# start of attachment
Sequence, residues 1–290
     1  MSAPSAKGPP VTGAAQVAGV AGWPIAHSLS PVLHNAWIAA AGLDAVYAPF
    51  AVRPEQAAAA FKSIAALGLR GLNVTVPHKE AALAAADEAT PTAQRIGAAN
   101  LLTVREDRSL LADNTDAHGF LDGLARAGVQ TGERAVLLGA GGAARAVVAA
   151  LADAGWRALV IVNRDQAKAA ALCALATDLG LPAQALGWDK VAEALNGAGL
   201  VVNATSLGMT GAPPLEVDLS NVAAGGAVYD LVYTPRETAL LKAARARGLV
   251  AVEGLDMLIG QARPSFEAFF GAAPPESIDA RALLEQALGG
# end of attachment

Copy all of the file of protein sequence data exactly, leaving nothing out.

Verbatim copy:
Sequence, residues 1–290
     1  MSAPSAKGPP VTGAAQVAGV AGWPIAHSLS PVLHNAWIAA AGLDAVYAPF
    51  AVRPEQAAAA FKSIAALGLR GLNVTVPHKE AALAAADEAT PTAQRIGAAN
   101  LLTVREDRSL LADNTDAHGF LDGLARAGVQ TGERAVLLGA GGAARAVVAA
   151  LADAGWRALV IVNRDQAKAA ALCALATDLG LPAQALGWDK VAEALNGAGL
   201  VVNATSLGMT GAPPLEVDLS NVAAGGAVYD LVYTPRETAL LKAARARGLV
   251  AVEGLDMLIG QARPSFEAFF GAAPPESIDA RALLEQALGG